When the schools figure out how to teach the kids to read there might be time left for social engineering.


Posted by Teach By Example, a resident of Walter Hays School
on Apr 24, 2008 at 10:31 pm

Children learn from the examples set by their parents.

If you walk or bike, your children will too.

If you let your children know that you are combining shopping trips to save gas, time, and reduce air pollution, they WILL understand.

If you recycle, your kids will too.

If you let your child know that wasting water is seriously threatening the habitat of our beautiful watershed (The Tuolumne River), where there has been a serious decline in fish population this year, they WILL understand.

If you tell them that we should conserve water because we may run out of clean water in the future, they WILL understand.

If you tell them that it uses 4-6% of all the energy in our State just to get water to your home and treat it at the wastewater treatment plant, they will probably understand. This is A LOT of energy.

Kids are smarter than you think.

If they see you use cloth shopping bags, they will too.

If they see that you remember to turn off your lights to save energy (and money), they will too.

If they see that you are careful not to pour chemicals onto the dirt because it will contaminate our soil and groundwater, they WILL understand.

If they see that YOU care about the environment, they will too.

If you show respect for living things (from the smallest creatures to our trees), your children will also be in tune with the environment.

If your children see YOU pick up a single piece of trash on your next trip to the beach, this registers in their mind that YOU care.

If you are environmentally sensitive, chances are your children will be too.

Teach by example.


Posted by Richard, a resident of Midtown
on Apr 24, 2008 at 10:47 pm

One third of Palo Alto's morning car traffic is for school trips. Most of these trips are short enough that they could be made by walking or biking. Considering the state of our air and the obesity epidemic that is sweeping our country, it makes sense to encourage kids to power themselves to school. Whether you believe in man-made global warming or not, encouraging kids to adopt a cleaner and more physically active lifestyle is a winner for everyone.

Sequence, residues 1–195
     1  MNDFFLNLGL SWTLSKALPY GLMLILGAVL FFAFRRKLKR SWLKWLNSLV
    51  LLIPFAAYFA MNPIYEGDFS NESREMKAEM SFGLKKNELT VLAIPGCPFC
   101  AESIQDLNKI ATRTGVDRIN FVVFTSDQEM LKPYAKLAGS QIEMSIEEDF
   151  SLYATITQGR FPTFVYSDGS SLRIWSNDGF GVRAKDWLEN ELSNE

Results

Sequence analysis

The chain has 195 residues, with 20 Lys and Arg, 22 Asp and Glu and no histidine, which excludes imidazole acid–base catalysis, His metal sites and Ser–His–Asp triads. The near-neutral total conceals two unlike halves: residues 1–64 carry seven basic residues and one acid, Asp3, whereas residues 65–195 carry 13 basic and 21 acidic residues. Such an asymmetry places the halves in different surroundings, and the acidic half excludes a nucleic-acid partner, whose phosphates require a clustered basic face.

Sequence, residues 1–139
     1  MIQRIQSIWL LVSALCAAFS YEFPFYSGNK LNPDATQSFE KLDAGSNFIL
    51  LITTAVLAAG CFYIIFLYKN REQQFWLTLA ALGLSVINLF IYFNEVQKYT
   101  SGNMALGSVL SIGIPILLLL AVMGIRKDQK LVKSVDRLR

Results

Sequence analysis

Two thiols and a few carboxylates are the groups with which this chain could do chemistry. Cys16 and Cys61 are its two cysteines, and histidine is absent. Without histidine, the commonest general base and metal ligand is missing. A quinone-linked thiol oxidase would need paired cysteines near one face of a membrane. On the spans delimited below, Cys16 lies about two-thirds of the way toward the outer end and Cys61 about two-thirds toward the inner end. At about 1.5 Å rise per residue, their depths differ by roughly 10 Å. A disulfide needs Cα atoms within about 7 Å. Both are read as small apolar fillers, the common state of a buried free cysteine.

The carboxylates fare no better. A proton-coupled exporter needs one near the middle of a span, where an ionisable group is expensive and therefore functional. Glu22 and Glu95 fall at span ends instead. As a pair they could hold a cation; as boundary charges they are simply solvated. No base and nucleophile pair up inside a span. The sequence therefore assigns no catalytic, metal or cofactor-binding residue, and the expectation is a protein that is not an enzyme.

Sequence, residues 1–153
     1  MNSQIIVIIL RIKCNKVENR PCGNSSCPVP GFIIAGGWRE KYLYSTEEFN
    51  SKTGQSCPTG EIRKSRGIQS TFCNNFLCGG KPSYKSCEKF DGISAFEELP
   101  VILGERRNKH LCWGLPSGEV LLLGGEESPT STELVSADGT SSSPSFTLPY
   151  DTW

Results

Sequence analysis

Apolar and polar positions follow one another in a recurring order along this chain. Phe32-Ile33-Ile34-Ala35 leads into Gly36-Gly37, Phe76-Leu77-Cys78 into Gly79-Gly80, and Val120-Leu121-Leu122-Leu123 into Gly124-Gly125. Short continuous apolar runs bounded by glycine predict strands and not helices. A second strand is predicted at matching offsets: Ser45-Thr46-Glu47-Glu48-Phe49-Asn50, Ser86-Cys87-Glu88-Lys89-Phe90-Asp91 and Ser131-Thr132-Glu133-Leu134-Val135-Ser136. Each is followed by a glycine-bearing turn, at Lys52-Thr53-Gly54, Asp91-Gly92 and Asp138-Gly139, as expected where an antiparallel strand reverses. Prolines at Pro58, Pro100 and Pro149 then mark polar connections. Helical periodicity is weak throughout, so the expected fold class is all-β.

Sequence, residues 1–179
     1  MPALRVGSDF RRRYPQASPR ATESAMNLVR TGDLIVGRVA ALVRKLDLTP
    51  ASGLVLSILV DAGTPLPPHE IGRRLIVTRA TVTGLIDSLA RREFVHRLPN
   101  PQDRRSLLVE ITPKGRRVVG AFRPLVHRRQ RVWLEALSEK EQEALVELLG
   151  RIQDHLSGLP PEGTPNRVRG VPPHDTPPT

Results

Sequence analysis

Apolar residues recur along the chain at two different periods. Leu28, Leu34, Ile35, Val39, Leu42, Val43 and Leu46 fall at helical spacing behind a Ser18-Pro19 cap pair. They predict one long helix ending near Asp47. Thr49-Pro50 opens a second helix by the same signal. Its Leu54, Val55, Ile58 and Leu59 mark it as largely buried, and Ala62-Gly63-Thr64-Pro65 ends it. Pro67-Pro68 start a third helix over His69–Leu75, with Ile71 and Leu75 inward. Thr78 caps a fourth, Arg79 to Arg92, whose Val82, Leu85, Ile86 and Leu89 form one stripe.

Posted by Donald, a resident of South of Midtown
on Apr 25, 2008 at 7:06 am

That woman with her kids would be a commonplace scene in the Netherlands. Everybody bikes there, and a lot of people use those box bikes for carrying cargo and children. Nobody wears a helmet, and their bike injury rate is far lower than ours. Why? Since everybody and their grandmother rides a bike, the people driving cars know how to drive safely around bikes and they are more considerate of bikers.


Posted by Walter_E_Wallis, a resident of Midtown
on Apr 25, 2008 at 8:31 am

Richard, would you accept a job as transportation Czar, where everyone had to call you for permission to drive anywhere? Where you got to decide whether the request was worthy?


Posted by you people find joy in nothing, a resident of Barron Park
on Apr 25, 2008 at 8:31 am

So this women decides to invest in an expensive dutch bike to kart her kids to school and get another car off the streets (something usually akin to sainthood with the hippies around here)and you people want to lynch her for child endangerment???

Get a life. People like you are the reason we have more rules and laws and more people in prison than anywhere else on earth.

How on earth did the helmet-less generations before us ever survive???